Pros and cons of each

By | March 29, 2024

Electric vs. Hybrid Cars: Pros and Cons of EachGreg Pajo/Michael Simari – car and driver

The march toward electrifying all vehicle items gives consumers many options, but makes selecting the best one for them a little more complicated. Where a buyer once chose between a smaller, more efficient engine and a large, powerful one within a model line, now there is the added consideration of batteries, charging ports and electric motors.

Two such electrified options – electric vehicles and hybrid vehicles – have a lot of overlap, but suit different applications and buyers. Understanding the differences can help you make the choice that best suits your needs.

Electric vehicles explained

While more and more models are seeing some degree of electrification, electric cars are going to the extreme, drawing their energy solely from a battery that needs to be charged to keep them moving. Also called battery electric vehicles (BEVs), they have at least one electric motor that powers the wheels to get them on the road.

The main environmental benefit of an electric car is the complete lack of smog-forming emissions in the local environment in which they operate. In almost all cases they have also dramatically reduced the amount of greenhouse gases they are responsible for, but that depends on how the electricity they use is generated, which can range from renewable hydro, wind and solar to a messier coal-fired power plant . Crucially, when such ‘stationary electricity sources’ are modernized and upgraded, each electrical downstream becomes effectively cleaner. On the technical side, an electric car has fewer moving parts compared to a car with an internal combustion engine, and delivers instant torque that results in brisk (and often addictive) acceleration. They are also quieter and smoother and therefore radiate a premium atmosphere.

That said, batteries are heavy, and a larger battery with a longer range increases the weight even further, making long-range electric vehicles and electric trucks relatively heavy on the roads (which they currently don’t support with gasoline taxes), while they can often be expensive to repair in the event of a problem with the package. This is especially a future consideration for those purchasing a used EV, as a new EV’s high-voltage battery packs are covered for a minimum of 8 years or 100,000 miles, while some manufacturers extend that to 10 years and more miles.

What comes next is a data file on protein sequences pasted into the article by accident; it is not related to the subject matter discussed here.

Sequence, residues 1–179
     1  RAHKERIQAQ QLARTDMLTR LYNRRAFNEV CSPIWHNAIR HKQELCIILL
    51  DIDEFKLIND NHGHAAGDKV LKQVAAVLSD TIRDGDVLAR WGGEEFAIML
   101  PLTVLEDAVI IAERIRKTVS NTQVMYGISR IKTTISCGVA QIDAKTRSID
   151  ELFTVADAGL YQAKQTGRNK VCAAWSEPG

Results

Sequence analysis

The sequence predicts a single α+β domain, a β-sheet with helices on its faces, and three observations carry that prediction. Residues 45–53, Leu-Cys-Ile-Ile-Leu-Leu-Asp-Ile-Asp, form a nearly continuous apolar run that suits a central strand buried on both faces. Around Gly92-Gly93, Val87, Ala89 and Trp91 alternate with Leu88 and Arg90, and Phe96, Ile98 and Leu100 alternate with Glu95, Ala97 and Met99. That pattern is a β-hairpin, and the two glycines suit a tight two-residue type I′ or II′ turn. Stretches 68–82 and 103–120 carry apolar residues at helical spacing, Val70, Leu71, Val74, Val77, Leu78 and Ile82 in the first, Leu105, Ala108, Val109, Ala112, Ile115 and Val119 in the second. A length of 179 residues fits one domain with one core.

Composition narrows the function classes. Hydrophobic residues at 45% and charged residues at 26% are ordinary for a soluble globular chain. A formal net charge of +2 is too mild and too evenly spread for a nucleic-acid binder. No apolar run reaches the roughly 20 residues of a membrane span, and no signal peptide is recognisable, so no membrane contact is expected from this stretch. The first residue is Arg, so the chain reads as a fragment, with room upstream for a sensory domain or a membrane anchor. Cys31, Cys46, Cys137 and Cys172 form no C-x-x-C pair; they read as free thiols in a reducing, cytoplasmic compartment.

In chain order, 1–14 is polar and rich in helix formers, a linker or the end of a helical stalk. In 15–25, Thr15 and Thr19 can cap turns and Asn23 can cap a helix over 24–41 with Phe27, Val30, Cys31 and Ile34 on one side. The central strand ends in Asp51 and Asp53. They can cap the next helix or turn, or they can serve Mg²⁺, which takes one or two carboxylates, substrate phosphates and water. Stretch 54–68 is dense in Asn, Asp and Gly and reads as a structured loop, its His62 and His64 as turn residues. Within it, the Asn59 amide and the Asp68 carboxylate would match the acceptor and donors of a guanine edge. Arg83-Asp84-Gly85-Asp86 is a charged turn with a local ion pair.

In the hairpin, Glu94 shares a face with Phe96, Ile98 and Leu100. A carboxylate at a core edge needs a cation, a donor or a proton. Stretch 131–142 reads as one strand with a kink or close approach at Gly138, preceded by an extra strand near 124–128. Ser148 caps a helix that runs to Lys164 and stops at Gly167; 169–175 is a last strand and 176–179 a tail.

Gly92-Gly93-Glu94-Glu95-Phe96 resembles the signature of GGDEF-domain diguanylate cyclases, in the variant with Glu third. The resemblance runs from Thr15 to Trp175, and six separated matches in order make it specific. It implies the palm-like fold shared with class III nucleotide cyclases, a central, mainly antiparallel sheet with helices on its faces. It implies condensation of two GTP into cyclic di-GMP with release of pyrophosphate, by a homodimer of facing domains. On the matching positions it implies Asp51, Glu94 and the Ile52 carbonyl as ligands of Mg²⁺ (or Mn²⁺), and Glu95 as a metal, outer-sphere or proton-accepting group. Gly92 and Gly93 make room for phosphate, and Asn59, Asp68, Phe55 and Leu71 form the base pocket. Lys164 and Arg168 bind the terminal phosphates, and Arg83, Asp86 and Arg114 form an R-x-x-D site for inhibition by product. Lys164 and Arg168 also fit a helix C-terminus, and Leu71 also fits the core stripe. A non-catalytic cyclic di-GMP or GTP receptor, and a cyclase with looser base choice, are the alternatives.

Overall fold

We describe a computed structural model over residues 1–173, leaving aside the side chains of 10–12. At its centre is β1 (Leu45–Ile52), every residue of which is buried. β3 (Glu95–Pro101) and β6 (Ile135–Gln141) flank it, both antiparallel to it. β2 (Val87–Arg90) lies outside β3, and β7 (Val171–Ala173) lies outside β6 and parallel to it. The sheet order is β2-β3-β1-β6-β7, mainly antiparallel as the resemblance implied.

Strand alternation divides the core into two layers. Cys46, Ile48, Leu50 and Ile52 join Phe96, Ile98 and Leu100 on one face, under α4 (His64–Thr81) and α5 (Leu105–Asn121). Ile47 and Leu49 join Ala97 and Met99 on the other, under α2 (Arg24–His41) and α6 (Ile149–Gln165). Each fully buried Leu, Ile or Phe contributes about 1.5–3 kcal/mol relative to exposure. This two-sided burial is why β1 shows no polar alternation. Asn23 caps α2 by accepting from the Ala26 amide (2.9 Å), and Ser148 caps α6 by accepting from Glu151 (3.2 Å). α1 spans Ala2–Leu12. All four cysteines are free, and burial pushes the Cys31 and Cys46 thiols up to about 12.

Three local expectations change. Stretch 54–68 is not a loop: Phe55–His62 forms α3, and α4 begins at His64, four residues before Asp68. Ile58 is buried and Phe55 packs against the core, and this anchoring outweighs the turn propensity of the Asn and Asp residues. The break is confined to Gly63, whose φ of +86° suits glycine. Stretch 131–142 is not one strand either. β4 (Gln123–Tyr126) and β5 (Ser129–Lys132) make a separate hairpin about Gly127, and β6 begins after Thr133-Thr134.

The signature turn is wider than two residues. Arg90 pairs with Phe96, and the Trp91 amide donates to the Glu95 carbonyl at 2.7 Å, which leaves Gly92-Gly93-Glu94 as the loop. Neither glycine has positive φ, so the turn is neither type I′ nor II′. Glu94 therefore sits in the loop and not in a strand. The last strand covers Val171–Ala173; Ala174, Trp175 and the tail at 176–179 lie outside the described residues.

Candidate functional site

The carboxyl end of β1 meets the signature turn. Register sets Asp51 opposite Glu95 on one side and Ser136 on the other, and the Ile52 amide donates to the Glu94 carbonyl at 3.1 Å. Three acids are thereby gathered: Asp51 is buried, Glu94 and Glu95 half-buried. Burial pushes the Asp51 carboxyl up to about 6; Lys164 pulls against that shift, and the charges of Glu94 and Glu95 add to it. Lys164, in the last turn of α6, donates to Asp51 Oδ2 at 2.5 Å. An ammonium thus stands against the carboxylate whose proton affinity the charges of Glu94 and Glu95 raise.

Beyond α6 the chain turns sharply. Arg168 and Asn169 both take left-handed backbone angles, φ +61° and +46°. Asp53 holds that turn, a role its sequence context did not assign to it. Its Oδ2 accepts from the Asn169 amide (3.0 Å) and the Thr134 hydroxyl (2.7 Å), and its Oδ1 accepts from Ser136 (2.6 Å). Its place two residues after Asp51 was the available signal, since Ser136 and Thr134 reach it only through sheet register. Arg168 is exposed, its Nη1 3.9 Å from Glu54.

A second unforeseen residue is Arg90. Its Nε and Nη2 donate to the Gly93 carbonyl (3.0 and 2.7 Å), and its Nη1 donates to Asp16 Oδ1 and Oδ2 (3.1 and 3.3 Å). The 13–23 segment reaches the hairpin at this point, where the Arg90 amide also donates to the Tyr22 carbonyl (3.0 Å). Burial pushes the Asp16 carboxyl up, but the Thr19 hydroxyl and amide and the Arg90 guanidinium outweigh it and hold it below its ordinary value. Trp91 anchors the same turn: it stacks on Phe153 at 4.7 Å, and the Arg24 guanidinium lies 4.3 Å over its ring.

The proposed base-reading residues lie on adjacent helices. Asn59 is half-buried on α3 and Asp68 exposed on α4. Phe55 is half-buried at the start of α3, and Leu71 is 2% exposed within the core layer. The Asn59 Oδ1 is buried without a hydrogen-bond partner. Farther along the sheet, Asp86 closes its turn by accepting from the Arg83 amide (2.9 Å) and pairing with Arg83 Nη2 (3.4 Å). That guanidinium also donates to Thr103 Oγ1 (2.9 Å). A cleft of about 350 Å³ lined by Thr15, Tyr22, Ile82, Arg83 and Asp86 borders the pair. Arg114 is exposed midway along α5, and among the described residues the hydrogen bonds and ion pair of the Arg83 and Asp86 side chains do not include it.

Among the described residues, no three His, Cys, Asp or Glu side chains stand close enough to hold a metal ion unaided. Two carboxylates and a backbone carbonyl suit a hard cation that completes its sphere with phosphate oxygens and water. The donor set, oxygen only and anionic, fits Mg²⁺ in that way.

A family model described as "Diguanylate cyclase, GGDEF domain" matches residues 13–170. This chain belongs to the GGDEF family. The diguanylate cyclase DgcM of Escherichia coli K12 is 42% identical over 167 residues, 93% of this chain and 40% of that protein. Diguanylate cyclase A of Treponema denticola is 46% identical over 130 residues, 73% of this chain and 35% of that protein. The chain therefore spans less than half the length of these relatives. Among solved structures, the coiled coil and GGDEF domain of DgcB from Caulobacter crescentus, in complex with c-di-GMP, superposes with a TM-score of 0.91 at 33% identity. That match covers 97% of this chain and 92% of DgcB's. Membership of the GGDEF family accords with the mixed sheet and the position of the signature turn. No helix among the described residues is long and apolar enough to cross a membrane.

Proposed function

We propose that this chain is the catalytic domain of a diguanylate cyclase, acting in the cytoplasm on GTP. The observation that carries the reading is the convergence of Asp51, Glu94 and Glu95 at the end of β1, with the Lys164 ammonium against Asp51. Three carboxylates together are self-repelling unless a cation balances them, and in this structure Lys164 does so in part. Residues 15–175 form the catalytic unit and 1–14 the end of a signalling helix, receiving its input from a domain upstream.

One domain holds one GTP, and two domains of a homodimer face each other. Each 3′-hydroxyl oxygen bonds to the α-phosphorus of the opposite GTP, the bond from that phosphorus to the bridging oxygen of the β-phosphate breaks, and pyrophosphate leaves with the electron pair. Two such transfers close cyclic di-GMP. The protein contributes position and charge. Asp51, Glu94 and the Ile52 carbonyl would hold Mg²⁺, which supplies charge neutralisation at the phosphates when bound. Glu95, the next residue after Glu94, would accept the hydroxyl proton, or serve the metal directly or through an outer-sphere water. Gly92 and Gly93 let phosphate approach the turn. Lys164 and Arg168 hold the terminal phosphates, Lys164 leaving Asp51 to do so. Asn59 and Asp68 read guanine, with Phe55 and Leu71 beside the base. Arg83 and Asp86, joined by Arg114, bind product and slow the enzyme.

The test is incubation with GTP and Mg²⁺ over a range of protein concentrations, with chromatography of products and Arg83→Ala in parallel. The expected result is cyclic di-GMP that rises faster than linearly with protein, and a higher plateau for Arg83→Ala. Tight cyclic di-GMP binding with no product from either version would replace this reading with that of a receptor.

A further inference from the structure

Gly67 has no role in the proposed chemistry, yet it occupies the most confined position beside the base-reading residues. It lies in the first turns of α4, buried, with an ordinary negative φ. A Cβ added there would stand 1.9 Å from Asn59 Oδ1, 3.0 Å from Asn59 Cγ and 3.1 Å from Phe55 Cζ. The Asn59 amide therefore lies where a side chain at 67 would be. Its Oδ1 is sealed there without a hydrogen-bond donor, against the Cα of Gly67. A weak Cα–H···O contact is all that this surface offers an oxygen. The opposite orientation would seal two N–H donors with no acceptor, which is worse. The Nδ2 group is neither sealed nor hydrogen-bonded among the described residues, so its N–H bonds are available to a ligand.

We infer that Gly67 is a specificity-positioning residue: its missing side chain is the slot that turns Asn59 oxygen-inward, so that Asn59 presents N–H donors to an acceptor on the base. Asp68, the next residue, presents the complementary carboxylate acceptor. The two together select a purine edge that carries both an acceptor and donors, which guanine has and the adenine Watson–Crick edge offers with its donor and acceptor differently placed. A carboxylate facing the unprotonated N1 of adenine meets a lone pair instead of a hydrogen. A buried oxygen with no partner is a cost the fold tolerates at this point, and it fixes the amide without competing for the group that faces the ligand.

The environmental impact of the battery itself must also be considered, as many of the ingredients used in these large packs involve not-so-earth-friendly mining operations, but this impact is decreasing as battery technology improves.

The benefits of hybridization

Hybrids are sometimes seen as the best of both worlds when it comes to efficiency, packing an internal combustion engine with one or more electric motors that can generate electricity when coupled to the engine, regain energy through regenerative braking and the wheels can drive with or without the help of that engine. The vehicle determines which combination of power sources is best for the current conditions, so you may feel a transition from engine to engine or back again.

But the combination of a combustion engine and at least one electric motor creates a complex drivetrain. Most hybrids rely on a gas engine to drive the wheels in most circumstances, with the electric motor(s) being there to provide some electric propulsion and expand the engine by adding power or turning it on to run at a more efficient speed.

Compared to EVs, hybrids have smaller batteries that only store enough energy to support the combustion portion of the powertrain for short stints. The environmental impact of their production is therefore relatively lower, but they are still dependent on fossil fuels. There are variations on that theme, the most important of which is the plug-in hybrid (PHEV), which adds a charging port and swaps a larger battery for extended electric-only driving between gas station visits. (Read our hybrid vs. plug-in hybrid explainer to learn more about the differences.)

Choosing between an EV and a hybrid

Hybrids, especially the plug-in version, are a great transitional option for those interested in the EV life but not yet sold. With a plug-in you can enjoy great charging at home or on the go, while still taking the internal combustion safety net with you for longer trips or times when you just can’t find a place to charge. If you live in an apartment or are in the early stages of your career, a ‘traditional’ hybrid that isn’t plugged in will give you the flexibility you need, while still being cleaner and more efficient than a normal car.

If you’re ready to go electric-only, the ever-expanding range of available EVs offer efficiency-oriented and performance-oriented options, as well as some that serve double-duty. The choice may be overwhelming, but there’s something for everyone in the electrified future of the car.

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